“The times have changed and we need to change with them,” Beadle said.

He said that the boards need to be open to tweaks to realize their full potential.

“I really am a believer in community boards as being the opportunity for ordinary people to both have the ability to force the city agencies to come and tell them what’s going on and also to provide their input,” Beadle said.

Community boards originated in Manhattan in 1951 when Borough President Robert Wagner established 12 community planning councils and the other borough presidents created similar groups. In the 1960s, the city was divided into 62 community districts. A few years later, Local Law 39 expanded the powers of community planning boards, requiring that city departments refer all matters requiring public hearings to them and note their recommendations.

In 1975, the new City Charter divided the city into 59 community districts and gave the boards official status in government by including a provision for ULURP, giving the communities input on potential developments in neighborhoods.

Some of these board problems are not new, however. In 1987, The New York Times wrote “Community Boards Are Feeling Unloved and Powerless,” just one year after its piece on how boards were gaining power.

The story noted how boards unsuccessfully opposed a number of developments, including two office and condominium high rises on Columbus Circle, apartment and dormitory towers at Lincoln Center, an expansion of Battery Park City and the first municipal shelter for the homeless on Staten Island.

Mayor Ed Koch did not want to expand the power of the boards.

“I believe that having their input has improved many projects,” he said. “But I believe if you gave them a veto position, nothing would be built in this town above three stories.”

Choe told the Chronicle, “I actually believe that if we do have better run community boards that are more representative of communities, they should be given more power to actually have a larger say in the way we make decisions. But at this point, in terms of who we have on Community Board 7, for example, I wouldn’t give CB 7 any more power beyond what’s advisory.”

Earlier this month, CB 9 voted 34-0 against the mayor’s plan to build a then-30-story jail in Kew Gardens. But Sylvia Hack, co-chairwoman of the board’s Land Use Committee, said, “I don’t think it will accomplish much.”

Members of the community boards do not receive salaries, one reason Braton does not like the term limits.

“It would be one thing if they were paying people a salary to do this and they changed it,” she said. “But they’re saying to volunteers, ‘OK, bye.’”

Frank Gulluscio, district manager of CB 6, believes the boards are appreciated by the city.

He pointed to the announcement last June that each board is receiving about $40,000 more in funding for the new fiscal year.

And he noted that City Council Speaker Corey Johnson (D-Manhattan) has experience with community boards as does Councilman Fernando Cabrera (D-Bronx), who helped get the boards the additional money.

“This year we feel appreciated,” Gulluscio said. “Past years? No.”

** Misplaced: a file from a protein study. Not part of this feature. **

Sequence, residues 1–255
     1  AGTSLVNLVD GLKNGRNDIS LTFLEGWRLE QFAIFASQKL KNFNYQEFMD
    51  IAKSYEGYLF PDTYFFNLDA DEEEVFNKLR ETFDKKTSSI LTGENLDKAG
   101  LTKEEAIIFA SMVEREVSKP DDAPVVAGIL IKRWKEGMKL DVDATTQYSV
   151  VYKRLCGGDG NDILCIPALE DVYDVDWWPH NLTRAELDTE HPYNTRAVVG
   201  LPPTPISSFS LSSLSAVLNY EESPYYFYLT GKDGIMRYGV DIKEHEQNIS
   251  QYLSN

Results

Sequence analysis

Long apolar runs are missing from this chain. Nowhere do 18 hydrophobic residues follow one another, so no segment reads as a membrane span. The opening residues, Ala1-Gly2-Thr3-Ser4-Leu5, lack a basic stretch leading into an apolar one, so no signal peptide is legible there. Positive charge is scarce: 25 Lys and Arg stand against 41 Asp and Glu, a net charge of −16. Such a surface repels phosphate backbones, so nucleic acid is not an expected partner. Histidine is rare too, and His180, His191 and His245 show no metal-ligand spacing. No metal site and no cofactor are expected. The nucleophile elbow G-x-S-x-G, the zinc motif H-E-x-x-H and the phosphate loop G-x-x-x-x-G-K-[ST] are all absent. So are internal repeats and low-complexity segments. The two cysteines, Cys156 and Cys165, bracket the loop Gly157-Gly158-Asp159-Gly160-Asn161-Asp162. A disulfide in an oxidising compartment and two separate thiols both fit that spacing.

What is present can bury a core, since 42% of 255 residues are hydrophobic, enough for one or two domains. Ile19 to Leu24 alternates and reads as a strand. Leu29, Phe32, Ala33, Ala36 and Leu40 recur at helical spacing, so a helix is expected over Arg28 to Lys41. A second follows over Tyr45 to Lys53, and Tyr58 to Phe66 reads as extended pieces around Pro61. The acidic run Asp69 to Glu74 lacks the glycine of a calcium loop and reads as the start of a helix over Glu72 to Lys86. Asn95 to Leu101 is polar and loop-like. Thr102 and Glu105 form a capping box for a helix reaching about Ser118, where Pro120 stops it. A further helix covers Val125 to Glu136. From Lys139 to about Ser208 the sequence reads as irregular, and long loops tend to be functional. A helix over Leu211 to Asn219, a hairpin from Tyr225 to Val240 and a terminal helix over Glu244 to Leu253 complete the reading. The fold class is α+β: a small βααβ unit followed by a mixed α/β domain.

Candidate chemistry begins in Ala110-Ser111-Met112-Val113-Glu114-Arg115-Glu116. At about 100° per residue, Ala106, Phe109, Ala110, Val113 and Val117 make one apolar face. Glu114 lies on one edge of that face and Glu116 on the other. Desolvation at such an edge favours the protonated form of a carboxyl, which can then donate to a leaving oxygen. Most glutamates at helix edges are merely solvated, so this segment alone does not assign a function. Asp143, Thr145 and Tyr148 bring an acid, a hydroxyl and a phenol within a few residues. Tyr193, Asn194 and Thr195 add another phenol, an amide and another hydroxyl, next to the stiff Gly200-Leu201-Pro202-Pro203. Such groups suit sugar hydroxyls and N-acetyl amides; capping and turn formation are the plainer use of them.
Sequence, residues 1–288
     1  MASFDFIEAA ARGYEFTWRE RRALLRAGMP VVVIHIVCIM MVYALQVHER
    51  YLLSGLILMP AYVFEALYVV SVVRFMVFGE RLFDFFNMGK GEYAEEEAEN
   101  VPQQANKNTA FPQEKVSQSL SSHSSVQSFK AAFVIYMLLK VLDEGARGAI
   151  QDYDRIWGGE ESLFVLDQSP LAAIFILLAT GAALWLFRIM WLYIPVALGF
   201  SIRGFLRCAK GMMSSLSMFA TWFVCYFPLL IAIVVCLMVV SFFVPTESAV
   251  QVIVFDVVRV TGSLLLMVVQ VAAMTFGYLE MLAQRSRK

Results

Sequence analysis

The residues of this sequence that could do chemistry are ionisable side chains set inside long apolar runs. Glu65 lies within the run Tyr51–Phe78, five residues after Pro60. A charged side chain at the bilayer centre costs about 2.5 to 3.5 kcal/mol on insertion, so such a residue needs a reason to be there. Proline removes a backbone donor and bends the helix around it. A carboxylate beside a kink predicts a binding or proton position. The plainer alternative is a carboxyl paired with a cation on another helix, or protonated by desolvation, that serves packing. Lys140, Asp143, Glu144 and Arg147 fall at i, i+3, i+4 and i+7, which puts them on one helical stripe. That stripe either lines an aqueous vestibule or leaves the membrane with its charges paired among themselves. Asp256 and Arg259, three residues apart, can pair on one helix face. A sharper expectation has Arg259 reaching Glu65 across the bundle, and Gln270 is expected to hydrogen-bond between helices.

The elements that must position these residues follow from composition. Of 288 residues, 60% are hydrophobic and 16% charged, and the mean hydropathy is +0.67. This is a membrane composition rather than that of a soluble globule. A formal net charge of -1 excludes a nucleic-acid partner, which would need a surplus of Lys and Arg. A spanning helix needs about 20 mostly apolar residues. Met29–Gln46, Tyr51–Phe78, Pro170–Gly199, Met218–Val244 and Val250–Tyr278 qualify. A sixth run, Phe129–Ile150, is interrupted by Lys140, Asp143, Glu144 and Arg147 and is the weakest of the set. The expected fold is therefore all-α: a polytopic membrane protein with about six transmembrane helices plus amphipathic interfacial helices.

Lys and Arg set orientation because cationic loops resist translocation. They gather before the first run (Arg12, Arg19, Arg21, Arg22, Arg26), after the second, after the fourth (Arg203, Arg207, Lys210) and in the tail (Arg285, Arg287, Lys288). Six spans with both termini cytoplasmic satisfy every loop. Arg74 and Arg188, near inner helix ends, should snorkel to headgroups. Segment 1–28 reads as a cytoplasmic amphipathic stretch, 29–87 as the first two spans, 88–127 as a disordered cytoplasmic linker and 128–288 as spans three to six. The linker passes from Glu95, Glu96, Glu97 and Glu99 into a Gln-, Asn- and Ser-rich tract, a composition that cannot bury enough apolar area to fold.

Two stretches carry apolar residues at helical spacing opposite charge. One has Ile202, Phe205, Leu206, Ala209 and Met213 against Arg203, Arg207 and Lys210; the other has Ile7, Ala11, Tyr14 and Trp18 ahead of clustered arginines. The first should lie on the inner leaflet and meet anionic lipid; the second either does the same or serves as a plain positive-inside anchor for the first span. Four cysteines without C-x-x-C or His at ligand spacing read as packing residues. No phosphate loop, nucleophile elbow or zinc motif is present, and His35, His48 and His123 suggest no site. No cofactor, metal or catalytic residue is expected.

Gulluscio has been involved with community boards for about 30 years and says the concerns are nothing new.

“From Giuliani to Bloomberg, we always were on guard that they might do away with us but then they would have to change the City Charter,” he said.

Before being elected mayor, Giuliani was a federal prosecutor and Bloomberg a billionaire businessman. But de Blasio had more of a civic background, serving on a school board and then as city councilman, which was followed by his election to public advocate.

“Considering he was a community guy when he started out, you’d think he would appreciate the community boards a little bit better,” Gulluscio said.

He said the boards are the voice of the residents and that there is a lot of history involved.

“I can go back to my files and tell you what Joe Blow said in 1970-something about the mall in Rego Park,” Gulluscio said. “We have those kinds of records.”

He added that even politicians don’t have records like that. And, after all, the boards have outlasted each legislator.

“They’re good people,” Gulluscio said. “They’re civic people. Yeah, they might be a little on the old side but there’s so much institutional knowledge in a community board that you can’t buy it anywhere. Electeds come and go.”

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1 comment:

  • LIONELQDEVERAUX posted at 9:24 am on Mon, Apr 15, 2019.


    As they stand now, community boards are useless. Honestly, what purpose do they serve besides giving people with spare time on their hands something to do. Case in point, CB2 took up bike lanes on Skillman Avenue, and decided they were not needed nor wanted. DeBlasio said screw you, I'm putting them in. Our esteemed councilman who was against them promptly flip-flopped and agreed with DeBlasio. Originally, I had thought that the community board was a way for the community to weigh in as to policies that would affect the community. If that is not the case and politicians like VanBramer and DeBlasio do not care about what the community thinks. why are there community boards in the first place?